“David is also a graduate of Cook College in plant science and a New Jersey Certified Tree Expert. He will be focusing on our plant health care program. This kind of overall plant care, which is a form of integrated pest management, emphasizes regular visits and regular monitoring of the landscape to look for special problems in order to reduce the amount of spraying. There is still some spraying, but the whole idea of plant health care is to reduce spraying by focusing on specific areas. You don’t have to spray everything. We’ve gotten away from blanket spraying and now we target just the plant with the problem. We use fertilizers and products that are from naturally-derived chemicals.”

As its name suggests, Wells Tree & Landscape offers all phases of tree and shrub care, including pruning, fertilizing, new plantings, removal, and spraying. “We are arborists, tree care professionals,” explains Mr. Wells, “and we definitely stress the plant health care concept.”

There has been a huge change in landscaping practices over the years, he adds, including the use of safer products and safer practices, such as the plant health care idea.

“A plant health care program usually includes a series of visits throughout the year, and we generate a map of the property,” explains David Wells. “Depending on the size of the property and amount of plantings and their condition, four to six seasonal visits a year is typical.”

The Wells experts will evaluate the property, condition of the trees, shrubbery and soil, and determine the best course of treatment. As part of the eastern hardwood forest, Princeton has fairly acidic soil and a great variety of trees, says Mr. Wells.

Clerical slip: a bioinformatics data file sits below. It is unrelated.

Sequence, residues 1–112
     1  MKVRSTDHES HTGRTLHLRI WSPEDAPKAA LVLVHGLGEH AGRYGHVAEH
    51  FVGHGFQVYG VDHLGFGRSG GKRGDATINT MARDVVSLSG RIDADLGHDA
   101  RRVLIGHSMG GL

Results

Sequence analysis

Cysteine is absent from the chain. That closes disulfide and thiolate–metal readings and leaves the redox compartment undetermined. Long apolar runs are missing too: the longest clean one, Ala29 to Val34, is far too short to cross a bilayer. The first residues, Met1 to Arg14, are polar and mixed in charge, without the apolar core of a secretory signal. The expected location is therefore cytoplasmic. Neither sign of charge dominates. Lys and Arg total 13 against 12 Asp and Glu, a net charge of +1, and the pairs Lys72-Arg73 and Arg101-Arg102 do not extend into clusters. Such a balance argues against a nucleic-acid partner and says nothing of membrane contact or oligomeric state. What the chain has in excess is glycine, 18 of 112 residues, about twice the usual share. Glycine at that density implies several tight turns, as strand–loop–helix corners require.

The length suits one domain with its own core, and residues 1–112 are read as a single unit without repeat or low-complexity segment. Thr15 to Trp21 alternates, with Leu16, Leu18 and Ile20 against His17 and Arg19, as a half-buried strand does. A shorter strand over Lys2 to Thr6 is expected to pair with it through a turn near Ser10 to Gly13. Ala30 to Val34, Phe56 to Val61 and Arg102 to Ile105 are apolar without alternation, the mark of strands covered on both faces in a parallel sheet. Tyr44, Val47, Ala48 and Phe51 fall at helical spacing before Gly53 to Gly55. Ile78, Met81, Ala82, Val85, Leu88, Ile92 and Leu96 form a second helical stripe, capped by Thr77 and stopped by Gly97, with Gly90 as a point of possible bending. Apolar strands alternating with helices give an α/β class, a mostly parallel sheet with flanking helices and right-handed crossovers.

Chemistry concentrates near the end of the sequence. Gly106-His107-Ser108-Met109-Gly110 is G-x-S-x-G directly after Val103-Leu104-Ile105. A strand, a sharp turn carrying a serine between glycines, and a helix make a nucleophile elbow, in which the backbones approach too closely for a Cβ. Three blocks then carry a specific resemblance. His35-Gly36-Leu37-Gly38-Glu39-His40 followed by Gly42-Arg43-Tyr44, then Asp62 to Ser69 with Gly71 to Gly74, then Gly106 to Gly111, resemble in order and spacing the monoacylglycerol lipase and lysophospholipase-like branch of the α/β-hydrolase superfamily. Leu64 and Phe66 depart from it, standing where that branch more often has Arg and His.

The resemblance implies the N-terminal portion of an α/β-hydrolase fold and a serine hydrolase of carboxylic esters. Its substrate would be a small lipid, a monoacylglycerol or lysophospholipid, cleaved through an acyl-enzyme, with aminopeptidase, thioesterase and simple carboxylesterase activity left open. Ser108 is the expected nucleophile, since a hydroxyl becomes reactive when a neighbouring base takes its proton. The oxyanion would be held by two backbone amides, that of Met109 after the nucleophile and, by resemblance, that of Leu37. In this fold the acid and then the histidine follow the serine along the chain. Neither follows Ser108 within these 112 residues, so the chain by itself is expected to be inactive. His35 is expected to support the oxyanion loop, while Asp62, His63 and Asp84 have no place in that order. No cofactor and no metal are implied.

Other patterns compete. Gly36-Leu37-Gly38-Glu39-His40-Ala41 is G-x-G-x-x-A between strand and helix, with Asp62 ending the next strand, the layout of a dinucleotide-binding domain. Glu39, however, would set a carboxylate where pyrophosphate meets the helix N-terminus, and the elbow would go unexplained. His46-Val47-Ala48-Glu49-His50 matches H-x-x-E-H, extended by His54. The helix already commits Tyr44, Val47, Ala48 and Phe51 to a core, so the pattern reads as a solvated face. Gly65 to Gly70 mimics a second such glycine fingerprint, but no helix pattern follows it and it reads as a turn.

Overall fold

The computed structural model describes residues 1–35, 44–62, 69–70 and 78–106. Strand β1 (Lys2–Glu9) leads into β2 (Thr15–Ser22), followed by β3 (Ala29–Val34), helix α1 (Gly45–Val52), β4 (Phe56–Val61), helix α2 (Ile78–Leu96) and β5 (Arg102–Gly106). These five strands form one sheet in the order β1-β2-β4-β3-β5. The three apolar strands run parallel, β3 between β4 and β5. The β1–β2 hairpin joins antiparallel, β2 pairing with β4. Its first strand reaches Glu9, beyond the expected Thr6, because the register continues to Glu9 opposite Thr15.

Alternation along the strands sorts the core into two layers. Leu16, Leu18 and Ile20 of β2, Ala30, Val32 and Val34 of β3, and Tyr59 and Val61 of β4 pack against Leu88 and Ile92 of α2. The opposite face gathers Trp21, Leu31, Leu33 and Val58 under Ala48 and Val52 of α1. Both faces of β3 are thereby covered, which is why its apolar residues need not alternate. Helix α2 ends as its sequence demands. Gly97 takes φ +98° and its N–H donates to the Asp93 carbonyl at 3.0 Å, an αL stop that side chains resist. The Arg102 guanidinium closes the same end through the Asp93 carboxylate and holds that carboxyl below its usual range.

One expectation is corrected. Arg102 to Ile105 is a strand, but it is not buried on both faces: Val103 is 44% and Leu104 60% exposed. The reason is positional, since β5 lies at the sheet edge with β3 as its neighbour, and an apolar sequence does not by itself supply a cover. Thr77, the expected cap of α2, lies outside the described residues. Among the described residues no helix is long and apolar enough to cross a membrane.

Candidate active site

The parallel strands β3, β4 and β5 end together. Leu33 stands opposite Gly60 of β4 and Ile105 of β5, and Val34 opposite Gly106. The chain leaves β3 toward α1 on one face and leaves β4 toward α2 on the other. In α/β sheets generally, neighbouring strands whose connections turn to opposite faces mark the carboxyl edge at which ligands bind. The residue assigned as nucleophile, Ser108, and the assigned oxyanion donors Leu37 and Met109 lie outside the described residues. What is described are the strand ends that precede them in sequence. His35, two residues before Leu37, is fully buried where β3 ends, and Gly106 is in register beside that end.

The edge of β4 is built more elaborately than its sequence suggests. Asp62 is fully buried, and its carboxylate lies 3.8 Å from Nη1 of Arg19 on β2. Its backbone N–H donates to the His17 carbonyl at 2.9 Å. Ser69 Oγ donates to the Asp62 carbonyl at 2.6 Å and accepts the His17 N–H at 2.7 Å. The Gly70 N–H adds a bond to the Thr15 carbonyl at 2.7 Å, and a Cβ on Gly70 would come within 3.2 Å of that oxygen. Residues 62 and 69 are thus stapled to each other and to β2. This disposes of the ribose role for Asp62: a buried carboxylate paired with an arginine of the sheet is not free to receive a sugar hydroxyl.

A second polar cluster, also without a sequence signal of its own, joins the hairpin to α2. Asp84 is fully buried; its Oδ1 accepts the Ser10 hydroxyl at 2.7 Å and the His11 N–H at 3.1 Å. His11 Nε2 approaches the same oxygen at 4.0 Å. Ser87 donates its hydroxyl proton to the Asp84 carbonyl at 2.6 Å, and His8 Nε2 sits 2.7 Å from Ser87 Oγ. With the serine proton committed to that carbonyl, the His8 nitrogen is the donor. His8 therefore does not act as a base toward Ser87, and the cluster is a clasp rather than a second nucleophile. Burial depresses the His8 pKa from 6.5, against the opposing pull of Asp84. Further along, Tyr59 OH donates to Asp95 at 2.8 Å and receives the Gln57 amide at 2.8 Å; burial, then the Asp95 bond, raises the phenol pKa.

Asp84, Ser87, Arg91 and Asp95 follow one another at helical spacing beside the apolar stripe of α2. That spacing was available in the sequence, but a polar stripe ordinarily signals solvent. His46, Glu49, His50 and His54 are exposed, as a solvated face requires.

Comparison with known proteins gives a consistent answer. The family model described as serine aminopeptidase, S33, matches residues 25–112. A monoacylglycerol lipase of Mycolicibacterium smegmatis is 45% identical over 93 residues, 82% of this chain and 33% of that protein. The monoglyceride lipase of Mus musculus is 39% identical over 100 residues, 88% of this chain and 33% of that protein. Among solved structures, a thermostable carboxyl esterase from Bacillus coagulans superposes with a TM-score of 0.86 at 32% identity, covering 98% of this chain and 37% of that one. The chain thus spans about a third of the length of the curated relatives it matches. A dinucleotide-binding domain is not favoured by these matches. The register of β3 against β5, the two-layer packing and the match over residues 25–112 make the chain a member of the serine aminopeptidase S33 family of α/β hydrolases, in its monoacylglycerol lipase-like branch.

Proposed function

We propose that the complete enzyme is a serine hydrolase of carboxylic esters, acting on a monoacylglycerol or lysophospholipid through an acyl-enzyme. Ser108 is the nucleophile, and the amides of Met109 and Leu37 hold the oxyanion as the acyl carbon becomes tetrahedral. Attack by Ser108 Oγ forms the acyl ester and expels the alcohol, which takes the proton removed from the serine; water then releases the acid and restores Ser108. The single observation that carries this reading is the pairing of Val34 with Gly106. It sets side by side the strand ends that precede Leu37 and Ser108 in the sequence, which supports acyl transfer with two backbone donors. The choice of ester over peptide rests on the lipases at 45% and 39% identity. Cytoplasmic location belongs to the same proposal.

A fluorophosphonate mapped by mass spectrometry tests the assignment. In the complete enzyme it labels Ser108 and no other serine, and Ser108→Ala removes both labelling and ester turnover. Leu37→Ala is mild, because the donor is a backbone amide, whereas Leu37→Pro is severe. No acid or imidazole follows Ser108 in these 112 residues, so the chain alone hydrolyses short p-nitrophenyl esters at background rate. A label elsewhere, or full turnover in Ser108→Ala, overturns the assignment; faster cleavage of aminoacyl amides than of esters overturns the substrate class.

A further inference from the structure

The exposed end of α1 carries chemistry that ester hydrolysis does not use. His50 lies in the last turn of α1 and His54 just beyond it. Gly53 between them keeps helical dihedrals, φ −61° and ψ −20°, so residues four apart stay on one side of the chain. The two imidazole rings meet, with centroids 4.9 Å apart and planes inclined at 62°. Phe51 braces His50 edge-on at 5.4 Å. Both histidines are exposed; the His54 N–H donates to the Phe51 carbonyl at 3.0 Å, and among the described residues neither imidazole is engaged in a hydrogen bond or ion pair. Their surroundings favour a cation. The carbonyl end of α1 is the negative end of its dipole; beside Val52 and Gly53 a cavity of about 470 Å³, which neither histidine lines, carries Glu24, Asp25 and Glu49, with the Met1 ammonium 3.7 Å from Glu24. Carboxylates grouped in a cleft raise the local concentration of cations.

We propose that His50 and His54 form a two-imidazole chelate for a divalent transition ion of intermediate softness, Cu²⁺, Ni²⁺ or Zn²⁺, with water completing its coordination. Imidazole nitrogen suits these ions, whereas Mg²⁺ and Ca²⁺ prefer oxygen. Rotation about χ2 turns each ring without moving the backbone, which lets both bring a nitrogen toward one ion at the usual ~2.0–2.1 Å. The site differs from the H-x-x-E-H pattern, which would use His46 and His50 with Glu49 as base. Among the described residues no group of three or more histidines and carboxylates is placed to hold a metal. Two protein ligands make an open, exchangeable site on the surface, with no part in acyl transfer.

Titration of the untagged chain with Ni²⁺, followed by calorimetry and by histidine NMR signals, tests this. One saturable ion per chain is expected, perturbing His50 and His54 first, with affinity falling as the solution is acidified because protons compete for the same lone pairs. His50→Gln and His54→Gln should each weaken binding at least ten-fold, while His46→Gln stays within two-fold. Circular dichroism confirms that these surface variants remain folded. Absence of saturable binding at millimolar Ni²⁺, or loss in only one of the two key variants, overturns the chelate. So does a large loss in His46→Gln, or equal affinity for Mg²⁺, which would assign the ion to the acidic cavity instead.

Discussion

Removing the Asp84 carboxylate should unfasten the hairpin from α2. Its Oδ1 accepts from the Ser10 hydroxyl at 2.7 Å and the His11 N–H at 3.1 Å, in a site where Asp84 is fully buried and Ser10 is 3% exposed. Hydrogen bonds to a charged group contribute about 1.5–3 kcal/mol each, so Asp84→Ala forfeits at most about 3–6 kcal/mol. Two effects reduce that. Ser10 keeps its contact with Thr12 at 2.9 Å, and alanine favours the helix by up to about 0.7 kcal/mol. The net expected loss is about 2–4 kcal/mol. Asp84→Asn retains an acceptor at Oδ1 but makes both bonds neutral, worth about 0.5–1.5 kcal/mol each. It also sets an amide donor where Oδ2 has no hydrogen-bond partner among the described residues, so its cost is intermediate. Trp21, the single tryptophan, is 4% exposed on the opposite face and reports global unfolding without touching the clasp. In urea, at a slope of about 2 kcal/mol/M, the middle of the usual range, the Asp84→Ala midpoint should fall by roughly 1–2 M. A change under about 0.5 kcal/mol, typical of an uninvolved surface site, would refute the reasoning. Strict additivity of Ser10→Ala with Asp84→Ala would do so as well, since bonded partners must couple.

In addition, he emphasizes the desirability of diversity. “A diverse landscape includes a variety of plantings. Older trees, young trees, various sizes and types, including native and non-native or exotic trees.”

Native Plantings

“We like to focus on native plantings,” he continues. “One of the most important things we can do for the environment is right in our own back yard.”

Also, points out Mr. Wells, homeowners should be aware of certain invasive plantings, such as honeysuckle, multiflora roses, and Norway maples. These tend to take over and push out other plants.

David Wells is pleased that “so many people are becoming more knowledgeable, and are interested in safer products. Everyone is very concerned about the environment.”

This has been a very rainy summer, he adds, and the results of that are evident not only in greener grass, needing more frequent cutting, but fungus on some trees, and in worse case scenarios, trees could die if their roots sit in water over time.